How desperate are the Red Sox for a third baseman? Not desperate enough to try Pablo Sandoval there again, but catcher Christian Vazquez has twice been placed at third late in games, and overall, Boston third basemen have hit .228/.280/.320. The Sox were linked to a bunch of non-third basemen on the trade market — Asdrubal Cabrera, Ian Kinsler, utility man Eduardo Nuñez — and decided they didn't want to play around in that end of the pool. Instead, the Sox called up top prospect Rafael Devers in the hopes he can fill the gaping hole at the not-so-hot corner.
Devers is all of 20 years old and played in nine games at Triple-A. He crushed Double-A pitching, though, batting .300/.369/.575 with 18 homers in the cooler, pitcher-friendly Eastern League, where the average position player batted .259/.331/.399 and is 24 years old. He's always been advanced for his age, to the point where, in spite of his youth, he's ahead of where Yoan Moncada was when Boston called him up a year ago.
Maybe most importantly, Devers isn't meant to be some kind of savior for the Red Sox. The Sox are in first place in the AL East with the American League's second-best record despite having a smoking crater where their third baseman is supposed to be. Devers mostly needs to concern himself with just filling in that crater a little bit so if something that was going right in the first half starts to go wrong, Boston isn't stuck with two gaping holes. Devers might be 20, but there's a pretty good chance he's going to hit better than Red Sox third basemen have to this point, and he doesn't even need to actually be good yet for that to happen.
For those surprised the Red Sox would call Devers up even though his defense at third isn't where it needs to be yet: Remember that Dave Dombrowski was the Tigers GM who moved Miguel Cabrera's glove to third base to make room for Prince Fielder's glove at first base, and never once was the roster designed for J.D. Martinez to be the primary designated hitter. That's not to say Devers is going to go Miguel Cabrera on AL pitching or anything, but it's a reminder that making room for a bat in the lineup, glove be damned, is something Dombrowski has been willing to do in the past if he thinks that the overall outcome is a positive.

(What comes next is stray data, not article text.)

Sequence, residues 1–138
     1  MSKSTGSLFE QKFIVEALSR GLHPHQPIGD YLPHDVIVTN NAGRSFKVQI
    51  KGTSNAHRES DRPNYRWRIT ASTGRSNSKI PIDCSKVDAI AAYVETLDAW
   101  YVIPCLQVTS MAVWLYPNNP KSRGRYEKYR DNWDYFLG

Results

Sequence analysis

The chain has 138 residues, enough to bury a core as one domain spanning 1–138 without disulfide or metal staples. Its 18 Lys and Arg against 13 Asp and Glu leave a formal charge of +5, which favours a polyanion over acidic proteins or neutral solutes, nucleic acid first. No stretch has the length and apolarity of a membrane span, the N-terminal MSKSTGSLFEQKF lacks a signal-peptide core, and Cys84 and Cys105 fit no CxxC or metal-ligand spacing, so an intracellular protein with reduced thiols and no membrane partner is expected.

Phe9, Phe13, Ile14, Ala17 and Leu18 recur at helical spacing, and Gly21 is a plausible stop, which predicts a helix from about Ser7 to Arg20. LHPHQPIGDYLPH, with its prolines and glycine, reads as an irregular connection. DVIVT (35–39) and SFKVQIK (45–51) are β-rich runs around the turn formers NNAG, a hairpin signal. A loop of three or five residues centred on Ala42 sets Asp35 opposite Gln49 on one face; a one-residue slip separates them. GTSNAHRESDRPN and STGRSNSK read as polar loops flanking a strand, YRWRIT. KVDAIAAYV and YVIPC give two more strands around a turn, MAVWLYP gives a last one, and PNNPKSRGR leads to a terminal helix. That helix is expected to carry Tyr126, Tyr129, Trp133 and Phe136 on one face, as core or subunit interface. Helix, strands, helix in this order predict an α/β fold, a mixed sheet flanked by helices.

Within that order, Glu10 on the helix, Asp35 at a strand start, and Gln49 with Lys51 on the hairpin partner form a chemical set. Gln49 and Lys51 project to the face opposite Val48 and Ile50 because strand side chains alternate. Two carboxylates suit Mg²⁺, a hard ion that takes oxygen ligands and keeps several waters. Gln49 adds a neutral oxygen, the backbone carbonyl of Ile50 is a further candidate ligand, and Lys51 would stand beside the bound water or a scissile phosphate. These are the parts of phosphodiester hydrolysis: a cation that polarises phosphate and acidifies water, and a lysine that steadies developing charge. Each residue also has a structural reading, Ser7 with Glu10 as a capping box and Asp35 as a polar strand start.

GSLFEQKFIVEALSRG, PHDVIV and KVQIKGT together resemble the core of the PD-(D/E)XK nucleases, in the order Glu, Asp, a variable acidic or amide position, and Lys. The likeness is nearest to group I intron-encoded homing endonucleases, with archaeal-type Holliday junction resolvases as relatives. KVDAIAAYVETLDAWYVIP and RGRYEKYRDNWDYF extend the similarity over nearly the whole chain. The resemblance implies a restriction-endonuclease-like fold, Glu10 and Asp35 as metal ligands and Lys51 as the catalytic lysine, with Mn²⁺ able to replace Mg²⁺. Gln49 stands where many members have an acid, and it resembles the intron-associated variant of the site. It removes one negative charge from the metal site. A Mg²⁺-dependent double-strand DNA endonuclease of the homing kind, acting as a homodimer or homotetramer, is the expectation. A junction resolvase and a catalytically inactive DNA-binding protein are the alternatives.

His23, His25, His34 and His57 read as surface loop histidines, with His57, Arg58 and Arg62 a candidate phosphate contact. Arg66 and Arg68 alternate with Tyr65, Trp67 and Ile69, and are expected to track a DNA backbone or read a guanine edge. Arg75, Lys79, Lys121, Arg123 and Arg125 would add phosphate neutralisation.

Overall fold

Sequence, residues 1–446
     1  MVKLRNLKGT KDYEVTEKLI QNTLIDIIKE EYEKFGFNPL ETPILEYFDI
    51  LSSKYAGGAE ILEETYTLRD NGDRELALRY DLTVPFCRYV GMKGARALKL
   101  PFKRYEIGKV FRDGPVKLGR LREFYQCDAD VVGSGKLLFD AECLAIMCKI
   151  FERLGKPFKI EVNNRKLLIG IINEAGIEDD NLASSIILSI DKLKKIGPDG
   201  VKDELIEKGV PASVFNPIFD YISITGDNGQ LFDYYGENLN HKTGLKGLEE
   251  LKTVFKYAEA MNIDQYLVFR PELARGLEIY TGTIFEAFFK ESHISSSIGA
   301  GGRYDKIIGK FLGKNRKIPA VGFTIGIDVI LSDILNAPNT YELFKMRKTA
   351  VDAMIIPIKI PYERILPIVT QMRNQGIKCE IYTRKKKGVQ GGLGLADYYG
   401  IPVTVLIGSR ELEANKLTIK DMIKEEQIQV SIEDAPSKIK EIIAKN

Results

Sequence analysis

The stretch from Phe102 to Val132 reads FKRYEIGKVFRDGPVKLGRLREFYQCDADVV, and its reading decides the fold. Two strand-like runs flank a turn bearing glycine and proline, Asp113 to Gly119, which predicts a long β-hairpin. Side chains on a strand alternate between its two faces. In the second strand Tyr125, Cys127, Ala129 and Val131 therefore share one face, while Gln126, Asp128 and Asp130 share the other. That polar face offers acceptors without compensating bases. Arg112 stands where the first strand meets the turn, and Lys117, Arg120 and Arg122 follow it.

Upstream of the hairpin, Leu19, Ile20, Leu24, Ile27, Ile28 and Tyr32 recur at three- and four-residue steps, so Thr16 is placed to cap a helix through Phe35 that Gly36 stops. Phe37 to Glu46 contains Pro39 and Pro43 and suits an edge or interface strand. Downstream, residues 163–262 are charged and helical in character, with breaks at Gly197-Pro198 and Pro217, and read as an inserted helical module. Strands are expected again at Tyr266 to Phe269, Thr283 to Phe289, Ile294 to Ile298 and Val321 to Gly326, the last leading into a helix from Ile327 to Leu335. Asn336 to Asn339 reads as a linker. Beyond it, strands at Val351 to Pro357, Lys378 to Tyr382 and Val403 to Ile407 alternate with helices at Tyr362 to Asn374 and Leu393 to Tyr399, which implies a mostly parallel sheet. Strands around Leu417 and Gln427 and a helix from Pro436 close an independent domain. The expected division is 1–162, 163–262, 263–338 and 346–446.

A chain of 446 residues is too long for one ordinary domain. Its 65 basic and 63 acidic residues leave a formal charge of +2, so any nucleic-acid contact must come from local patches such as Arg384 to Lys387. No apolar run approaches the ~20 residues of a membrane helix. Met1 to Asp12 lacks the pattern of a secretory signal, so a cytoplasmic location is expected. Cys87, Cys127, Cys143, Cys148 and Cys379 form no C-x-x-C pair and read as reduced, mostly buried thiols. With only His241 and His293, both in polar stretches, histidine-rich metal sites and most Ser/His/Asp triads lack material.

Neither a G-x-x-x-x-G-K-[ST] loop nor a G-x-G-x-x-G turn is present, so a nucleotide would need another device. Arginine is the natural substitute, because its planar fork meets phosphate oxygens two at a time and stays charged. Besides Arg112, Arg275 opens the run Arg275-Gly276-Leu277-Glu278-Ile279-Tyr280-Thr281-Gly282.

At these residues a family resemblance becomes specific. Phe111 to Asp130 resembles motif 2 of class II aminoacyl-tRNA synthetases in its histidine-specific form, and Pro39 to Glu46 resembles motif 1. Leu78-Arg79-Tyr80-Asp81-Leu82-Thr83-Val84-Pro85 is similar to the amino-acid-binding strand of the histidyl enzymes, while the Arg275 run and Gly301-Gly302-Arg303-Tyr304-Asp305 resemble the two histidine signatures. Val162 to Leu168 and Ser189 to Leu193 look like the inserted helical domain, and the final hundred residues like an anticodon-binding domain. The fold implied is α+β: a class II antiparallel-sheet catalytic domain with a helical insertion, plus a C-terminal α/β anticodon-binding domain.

And hey, with the number of strikeouts the Red Sox generate, what Devers needs to hit to justify the promotion might not be as high as you'd think.
- There's basically no way the Marlins will trade Giancarlo Stanton to the Yankees. Unless ... well, OK. Let's let Grant Brisbee do the whole Rumor Grade thing to this tasty morsel.
- Clayton Kershaw left Sunday's start with lower back tightness and is expected to land on the disabled list. About the only bright spot from this is that the Dodgers have a massive lead in the NL West and can weather a Kershaw injury.
- Kershaw wasn't the only major starter to be lifted from their game early, as Stephen Strasburg couldn't get loose and was lifted as a precaution after two innings.
- An MLB umpire told a 5-year-old fan to kick Dee Gordon.
- The Phillies and Rays might be looking to match up on a Pat Neshek trade.
- The Yankees' trade deadline strategy has been smart, as it's positioning the team well for both the present and the future.
- Playing the blame game in St. Louis isn't going to make the Cardinals any better.
- The new MLB collective bargaining agreement changed compensation for free agents, so it might not be a bad idea to read up with a week to go before the trade deadline.
- The Nationals' Gulf Coast League team threw back-to-back no-hitters in a double-header. The caveats are many, of course: Minor league games are seven innings for doubleheaders, and these were combined no-nos. The counterpoint to that, though, is: oh, wow.
- Rename that team to the Vander Meers imo
- Curt Schilling hates this article, so you know it's good.